BANGKOK (Reuters) – The Asia Pacific region, the most disaster-prone part of the world, suffered 1,625 disasters in the decade through 2014, and needs to spend more on adapting to climate change and preparing for more extreme weather, the United Nations said on Tuesday.
The region’s disasters – 40 percent of the global total – claimed half a million lives over the decade, affected 1.4 billion people and caused $523 billion in economic damage, the 2015 U.N. Asia-Pacific Disaster Report said.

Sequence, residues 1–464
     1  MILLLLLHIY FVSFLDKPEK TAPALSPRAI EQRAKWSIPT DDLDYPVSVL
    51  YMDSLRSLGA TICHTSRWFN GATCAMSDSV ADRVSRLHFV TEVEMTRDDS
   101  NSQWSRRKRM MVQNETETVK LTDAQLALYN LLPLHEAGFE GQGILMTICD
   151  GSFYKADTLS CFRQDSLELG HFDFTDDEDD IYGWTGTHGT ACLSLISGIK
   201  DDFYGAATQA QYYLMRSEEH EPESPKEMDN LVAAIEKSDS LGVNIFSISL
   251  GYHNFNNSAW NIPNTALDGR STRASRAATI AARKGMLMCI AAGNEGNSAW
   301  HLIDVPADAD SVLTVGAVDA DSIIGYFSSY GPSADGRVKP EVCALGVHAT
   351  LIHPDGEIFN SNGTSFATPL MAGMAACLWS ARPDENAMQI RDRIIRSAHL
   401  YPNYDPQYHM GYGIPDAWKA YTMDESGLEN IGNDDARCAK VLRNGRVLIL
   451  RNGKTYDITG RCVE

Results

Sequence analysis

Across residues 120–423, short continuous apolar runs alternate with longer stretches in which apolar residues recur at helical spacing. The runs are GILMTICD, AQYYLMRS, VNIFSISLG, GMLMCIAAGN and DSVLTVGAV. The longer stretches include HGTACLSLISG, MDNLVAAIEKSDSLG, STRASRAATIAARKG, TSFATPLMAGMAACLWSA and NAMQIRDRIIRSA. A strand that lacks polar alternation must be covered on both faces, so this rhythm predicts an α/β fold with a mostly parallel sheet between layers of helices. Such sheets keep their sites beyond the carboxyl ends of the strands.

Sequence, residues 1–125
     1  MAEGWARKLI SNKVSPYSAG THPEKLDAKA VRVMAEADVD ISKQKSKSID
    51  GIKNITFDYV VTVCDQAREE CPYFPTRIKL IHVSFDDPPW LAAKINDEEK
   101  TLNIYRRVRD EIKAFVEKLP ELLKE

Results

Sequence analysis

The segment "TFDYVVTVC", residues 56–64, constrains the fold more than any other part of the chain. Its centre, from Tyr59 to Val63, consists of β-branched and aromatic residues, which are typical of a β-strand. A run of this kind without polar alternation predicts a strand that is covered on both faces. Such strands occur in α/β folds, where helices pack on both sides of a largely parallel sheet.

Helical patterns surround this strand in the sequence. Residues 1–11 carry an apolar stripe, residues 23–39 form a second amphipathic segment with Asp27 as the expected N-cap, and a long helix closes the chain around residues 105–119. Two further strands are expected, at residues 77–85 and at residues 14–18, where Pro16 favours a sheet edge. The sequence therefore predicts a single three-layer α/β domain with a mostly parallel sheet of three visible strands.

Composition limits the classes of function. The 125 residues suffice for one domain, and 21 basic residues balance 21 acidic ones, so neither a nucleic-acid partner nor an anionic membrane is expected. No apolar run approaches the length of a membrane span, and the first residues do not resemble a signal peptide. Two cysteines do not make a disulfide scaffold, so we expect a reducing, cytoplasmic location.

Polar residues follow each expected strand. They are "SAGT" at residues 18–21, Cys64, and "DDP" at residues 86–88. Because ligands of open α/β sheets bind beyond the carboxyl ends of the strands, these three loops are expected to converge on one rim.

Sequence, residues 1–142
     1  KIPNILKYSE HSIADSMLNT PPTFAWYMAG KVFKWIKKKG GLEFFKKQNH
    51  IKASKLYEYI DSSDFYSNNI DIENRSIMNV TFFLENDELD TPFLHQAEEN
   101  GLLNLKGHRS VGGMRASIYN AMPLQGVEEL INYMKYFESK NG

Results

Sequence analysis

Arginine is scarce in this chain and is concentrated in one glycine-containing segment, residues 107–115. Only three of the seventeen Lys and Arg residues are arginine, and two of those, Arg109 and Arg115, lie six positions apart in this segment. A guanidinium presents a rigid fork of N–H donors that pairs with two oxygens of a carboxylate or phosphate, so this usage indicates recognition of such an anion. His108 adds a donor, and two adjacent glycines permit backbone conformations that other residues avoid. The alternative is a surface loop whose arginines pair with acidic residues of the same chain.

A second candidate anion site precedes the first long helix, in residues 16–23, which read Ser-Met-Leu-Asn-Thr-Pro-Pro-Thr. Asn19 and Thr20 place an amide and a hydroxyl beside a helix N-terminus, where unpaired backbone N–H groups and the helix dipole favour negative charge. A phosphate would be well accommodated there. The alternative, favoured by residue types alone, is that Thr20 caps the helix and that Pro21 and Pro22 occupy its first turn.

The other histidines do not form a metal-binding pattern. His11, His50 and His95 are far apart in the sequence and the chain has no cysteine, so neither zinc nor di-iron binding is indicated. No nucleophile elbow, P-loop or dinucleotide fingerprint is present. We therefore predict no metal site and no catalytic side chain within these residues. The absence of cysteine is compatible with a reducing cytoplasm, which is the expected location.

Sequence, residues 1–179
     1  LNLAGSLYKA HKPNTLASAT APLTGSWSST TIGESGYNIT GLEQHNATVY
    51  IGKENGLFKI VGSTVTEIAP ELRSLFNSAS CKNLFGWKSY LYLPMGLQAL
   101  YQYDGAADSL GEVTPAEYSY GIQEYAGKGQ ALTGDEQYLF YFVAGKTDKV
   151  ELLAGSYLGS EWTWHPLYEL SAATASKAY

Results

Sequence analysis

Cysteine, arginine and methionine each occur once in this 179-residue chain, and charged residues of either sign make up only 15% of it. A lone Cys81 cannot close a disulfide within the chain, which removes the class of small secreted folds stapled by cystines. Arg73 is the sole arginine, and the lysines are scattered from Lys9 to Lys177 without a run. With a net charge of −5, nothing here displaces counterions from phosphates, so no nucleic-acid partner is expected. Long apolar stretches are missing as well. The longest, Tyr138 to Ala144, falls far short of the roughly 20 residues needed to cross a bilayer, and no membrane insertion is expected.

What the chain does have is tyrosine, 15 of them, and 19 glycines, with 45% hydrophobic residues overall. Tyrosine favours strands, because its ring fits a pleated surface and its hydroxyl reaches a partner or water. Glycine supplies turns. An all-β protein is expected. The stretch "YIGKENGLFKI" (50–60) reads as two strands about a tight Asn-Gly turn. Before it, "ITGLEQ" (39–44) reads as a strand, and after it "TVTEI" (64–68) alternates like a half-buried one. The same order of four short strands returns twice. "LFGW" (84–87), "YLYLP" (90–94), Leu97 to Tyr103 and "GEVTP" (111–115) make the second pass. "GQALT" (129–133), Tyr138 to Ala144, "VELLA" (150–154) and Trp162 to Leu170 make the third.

The world body urged the region’s governments to invest more in adapting to climate change and preparing for disasters as the risks the region faces are worsened by its rapid economic growth and mushrooming population.
“Building resilience is not a choice or luxury for us, but a compulsion,” Shamshad Akhtar, head of the U.N. regional development arm for Asia Pacific, said at the launch of the report in Bangkok.
“Investing in disaster risk reduction is of course proven effective. It’s a critical area, but at the same time it’s neglected.”
Some 772 million poor people in the region are particularly vulnerable to disasters and tend to live in low-value, hazard-prone areas such as urban slums, steep slopes, flood plains and riverbanks, the report said.